Society for One-Place Studies,
28 St Ronan’s Avenue,
Southsea, Hampshire, PO4 0QE
This is a study of the Alpha and Jericho districts in central western Queensland. It will include information from the first 100 years (1863-1962) of the non-indigenous settlement of this sparsely populated rural area. My aim is to record the names of people who lived permanently or worked temporarily in the towns or on the pastoral stations during this time, and to outline aspects of the area’s history.
The study will provide a space in which to publicise names and events which I researched to publish a local history in 2013 – Crossing the divide. A history of Alpha and Jericho districts. Rather than repeating detailed information available elsewhere, the study will provide links and references to other sources.
Alpha and Jericho, two small rural towns surrounded by sparsely populated pastoral country, are located in the central west of Queensland, Australia.
The study is defined by the boundaries of the former local government shire of Jericho (1916-2008), an area of 22,888 km2.
Jericho Shire was divided from north to south by the Great Dividing Range, a misnomer for this part of the Range, which is not high or rugged.
With a semi-arid climate, the natural environment is generally of open mixed forest and eucalypt woodlands. The Belyando River drains the eastern part of the area, its waters eventually flowing into the Pacific Ocean on Queensland’s east coast. On the west, the waters of Jordan Creek and Alice River join Cooper Creek to drain into the inland Lake Eyre in South Australia.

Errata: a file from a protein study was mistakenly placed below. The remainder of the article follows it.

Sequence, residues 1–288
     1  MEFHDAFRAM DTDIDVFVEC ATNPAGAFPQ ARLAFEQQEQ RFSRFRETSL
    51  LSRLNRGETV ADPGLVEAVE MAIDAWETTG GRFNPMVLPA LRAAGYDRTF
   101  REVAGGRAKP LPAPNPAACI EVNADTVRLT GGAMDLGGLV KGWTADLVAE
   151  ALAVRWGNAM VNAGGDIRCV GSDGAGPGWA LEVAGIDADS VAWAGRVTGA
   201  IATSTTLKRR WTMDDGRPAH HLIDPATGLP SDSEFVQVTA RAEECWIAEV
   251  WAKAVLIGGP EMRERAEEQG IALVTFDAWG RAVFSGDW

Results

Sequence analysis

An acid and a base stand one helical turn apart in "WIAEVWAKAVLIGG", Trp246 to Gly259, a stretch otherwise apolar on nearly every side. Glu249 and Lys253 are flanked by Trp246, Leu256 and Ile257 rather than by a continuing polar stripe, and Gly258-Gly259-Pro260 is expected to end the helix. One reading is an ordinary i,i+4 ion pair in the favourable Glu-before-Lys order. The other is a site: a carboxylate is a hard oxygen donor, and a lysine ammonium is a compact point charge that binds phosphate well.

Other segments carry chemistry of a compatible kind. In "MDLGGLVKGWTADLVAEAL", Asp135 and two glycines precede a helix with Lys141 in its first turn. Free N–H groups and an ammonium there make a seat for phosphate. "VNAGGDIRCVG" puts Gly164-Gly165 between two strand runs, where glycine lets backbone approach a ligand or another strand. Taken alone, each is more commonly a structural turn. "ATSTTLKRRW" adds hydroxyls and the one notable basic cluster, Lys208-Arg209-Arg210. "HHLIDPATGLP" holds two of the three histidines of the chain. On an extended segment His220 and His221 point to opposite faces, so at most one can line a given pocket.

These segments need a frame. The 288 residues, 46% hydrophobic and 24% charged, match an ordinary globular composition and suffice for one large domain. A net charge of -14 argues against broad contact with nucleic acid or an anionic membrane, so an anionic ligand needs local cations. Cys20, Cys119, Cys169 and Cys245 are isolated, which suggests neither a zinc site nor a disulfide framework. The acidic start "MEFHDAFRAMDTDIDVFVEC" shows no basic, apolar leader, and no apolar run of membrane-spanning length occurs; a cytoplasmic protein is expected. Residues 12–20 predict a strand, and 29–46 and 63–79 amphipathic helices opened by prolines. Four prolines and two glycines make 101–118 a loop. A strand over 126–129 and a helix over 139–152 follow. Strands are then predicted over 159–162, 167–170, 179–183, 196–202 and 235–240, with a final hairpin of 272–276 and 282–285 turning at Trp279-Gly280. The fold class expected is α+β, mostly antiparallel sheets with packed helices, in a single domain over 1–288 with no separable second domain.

The extremes of drought and flood have been noted events in the lives of town and country residents.
The population of the area reached a peak of 1,718 in 1940 following gradual growth from about 1,500 in 1916. This growth was the result of the development of sheep grazing around Jericho and of Alpha as a railway depot. During the mid-1960s a drift to city and coast began a continuous decline in the population. Cattle replaced sheep, requiring fewer employees, and services were regionalised to be located in larger towns.
Although transient populations are part of rural employment, the building of the rail line through the district in the 1880s caused the largest (although actual numbers are not recorded) increase in the temporary population in its early years.